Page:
Oral Arguments Set for Tuesday in Dylann Roof’s Appeal

Oral Arguments Set for Tuesday in Dylann Roof's Appeal

Dylann Roof, the South Carolina white supremacist convicted of murdering nine congregants of a Black church, is appealing to have his sentence overturned, the New York Daily News reported on Sunday.

His attorneys will make oral arguments set to start this Tuesday before a three-judge panel of the 4th U.S. Circuit Court of Appeals in Richmond, Virginia, according to AP.

Roof became the first person sentenced to death for a federal hate crime following  the 2015 mass shooting of a Bible study group at Mother Emanuel AME Church in Charleston, according to the Daily News.

Roof’s lawyers  have requested that his sentence be suspended until a “proper competency evaluation” can be carried out, claiming that he should not have been sentenced to death due to his “mental illness.”

Although the court held two competency hearings for him, one before his trial began and another before the start of the sentencing phase, Roof’s attorneys said he did not fail those competency hearings due to his delusional belief that he would be rescued from prison by other white supremacists.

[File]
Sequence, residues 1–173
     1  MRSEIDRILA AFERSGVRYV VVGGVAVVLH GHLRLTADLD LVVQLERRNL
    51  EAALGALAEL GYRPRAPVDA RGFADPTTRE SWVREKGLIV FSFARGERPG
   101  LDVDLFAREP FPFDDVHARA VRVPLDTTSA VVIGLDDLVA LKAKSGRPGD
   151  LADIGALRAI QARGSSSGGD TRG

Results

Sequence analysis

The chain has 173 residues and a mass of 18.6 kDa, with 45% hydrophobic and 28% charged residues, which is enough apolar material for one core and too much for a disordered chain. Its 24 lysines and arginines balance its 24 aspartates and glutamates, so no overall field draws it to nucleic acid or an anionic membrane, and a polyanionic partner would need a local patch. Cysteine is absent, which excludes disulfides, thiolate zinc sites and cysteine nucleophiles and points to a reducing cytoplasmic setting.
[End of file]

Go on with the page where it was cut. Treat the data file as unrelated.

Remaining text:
Roof’s lawyers said in a brief that an appellate court should vacate Roof’s convictions and death sentence, or send the case back to a lower court for “proper competency evaluation,” according to AP, adding that the federal trial that decided on a death sentence “departed so far from the standard required when the government seeks the ultimate price that it cannot be affirmed.”

Roof filed his appeal in January 2020, with his attorneys arguing that he had been too mentally ill to stand trial or represent himself at his sentencing, according to The Hill.

The appeal described Roof as a “22-year-old, ninth-grade dropout diagnosed with schizophrenia spectrum disorder, autism, anxiety, and depression, who believed his sentence didn’t matter because white nationalists would free him from prison after an impending race war.”

He at first cooperated with his lawyers until they planned to argue he was “developmentally disabled or mentally ill,” according to The Hill.

At that point, Roof  decided to represent himself, although he briefly reinstated them for part of the trial before returning to representing himself again for the sentencing.

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About the Author

Tony Beasley
Tony Beasley writes for the Local News, US and the World Section of ANH.